High seas fisheries: what role for a new international instrument? / by Francisco Blaha

A good study from last year by IDDRI analysed the advances on the important issue, that itself is one of the key issues in fisheries this days as more and more activities take place in ABNJ (Areas Beyond National Jurisdiction)

The study goes over the steps around a new agreement on High Seas Biodiversity since states are currently discussing the development of a new international legally binding instrument (ILBI) on the conservation and sustainable use of marine biological diversity of ABNJ.

It is a good read as it discusses valid points

Should fisheries be in or out?
It is widely acknowledged that fishing is currently the activity with the largest impact on biodiversity in ABNJ. There is a growing consensus that a new agreement should include fisheries, though it is unclear how this can be achieved. Some States continue to argue that fisheries are adequately covered by existing frameworks.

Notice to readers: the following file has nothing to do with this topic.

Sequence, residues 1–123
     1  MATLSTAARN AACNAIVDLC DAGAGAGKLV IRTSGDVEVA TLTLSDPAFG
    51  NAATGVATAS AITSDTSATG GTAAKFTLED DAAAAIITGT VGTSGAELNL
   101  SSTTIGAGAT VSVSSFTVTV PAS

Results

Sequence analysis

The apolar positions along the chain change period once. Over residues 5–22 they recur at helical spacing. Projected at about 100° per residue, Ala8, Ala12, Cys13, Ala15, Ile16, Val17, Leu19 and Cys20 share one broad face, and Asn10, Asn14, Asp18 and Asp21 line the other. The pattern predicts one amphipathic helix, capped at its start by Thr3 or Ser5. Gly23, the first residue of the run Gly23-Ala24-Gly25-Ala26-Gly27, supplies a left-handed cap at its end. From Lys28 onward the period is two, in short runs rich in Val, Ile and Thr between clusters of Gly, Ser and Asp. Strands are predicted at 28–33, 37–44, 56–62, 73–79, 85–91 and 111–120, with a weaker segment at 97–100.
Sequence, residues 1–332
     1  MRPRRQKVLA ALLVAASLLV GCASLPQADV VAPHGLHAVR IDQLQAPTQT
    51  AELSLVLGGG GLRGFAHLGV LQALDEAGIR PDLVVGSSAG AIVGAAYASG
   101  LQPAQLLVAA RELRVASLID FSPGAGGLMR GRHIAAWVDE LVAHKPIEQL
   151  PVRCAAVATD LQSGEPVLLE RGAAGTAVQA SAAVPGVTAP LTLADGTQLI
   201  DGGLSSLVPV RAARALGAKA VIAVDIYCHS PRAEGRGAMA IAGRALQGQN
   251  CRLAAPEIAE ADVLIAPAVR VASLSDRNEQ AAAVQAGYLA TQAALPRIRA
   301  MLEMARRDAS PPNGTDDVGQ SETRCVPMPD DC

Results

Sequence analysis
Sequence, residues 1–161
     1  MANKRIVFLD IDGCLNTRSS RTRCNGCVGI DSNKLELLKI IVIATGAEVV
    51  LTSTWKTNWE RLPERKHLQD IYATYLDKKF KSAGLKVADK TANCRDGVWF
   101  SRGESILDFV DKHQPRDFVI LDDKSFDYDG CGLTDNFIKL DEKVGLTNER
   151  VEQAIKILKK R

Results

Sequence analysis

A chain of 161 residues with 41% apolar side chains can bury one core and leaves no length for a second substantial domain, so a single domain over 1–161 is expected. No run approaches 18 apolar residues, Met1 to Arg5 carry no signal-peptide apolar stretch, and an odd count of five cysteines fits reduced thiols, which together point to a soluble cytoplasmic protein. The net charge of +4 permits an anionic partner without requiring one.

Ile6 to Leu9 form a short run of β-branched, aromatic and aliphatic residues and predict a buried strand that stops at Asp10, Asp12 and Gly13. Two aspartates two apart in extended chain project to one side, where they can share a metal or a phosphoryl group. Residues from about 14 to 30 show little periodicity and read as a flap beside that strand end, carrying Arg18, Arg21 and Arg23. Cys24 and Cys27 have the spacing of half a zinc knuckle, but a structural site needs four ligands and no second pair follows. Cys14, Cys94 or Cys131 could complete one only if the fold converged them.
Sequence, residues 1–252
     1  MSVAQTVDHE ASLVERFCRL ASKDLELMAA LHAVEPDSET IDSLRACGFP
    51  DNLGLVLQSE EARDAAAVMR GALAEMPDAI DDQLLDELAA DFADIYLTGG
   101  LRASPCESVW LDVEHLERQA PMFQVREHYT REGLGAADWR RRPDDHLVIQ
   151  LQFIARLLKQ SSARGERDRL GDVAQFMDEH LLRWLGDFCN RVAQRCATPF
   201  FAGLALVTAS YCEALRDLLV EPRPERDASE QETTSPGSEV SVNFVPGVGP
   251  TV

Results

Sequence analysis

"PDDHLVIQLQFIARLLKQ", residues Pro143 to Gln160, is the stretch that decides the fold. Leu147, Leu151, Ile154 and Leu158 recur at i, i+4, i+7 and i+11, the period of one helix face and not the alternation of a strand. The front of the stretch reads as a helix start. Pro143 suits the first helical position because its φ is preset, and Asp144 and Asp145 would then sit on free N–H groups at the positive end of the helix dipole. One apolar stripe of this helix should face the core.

What role should have fisheries?
Fisheries are closely linked to all elements of the package of issues under discussion, particularly area-based management tools (ABMTs), including marine protected areas (MPAs) and environmental impact assessments (EIAs). Fisheries management bodies will therefore likely play a role in the implementation of various aspects of a new agreement.

The need to strengthen fisheries management
A new agreement can also complement and enhance existing fisheries management frameworks and contribute to advancing an integrated approach to ocean governance. An ILBI could improve integration and place complementary obligations on States, as well as provide overarching principles to improve coherence of the global system of ocean governance.

The topic for non lawyer like me is dry as bone, but yet I make an effort to grasp it, as law is at the basis if IUU fishing, and while it may be easier to identify IUU activities, prosecute them is a totally different topic.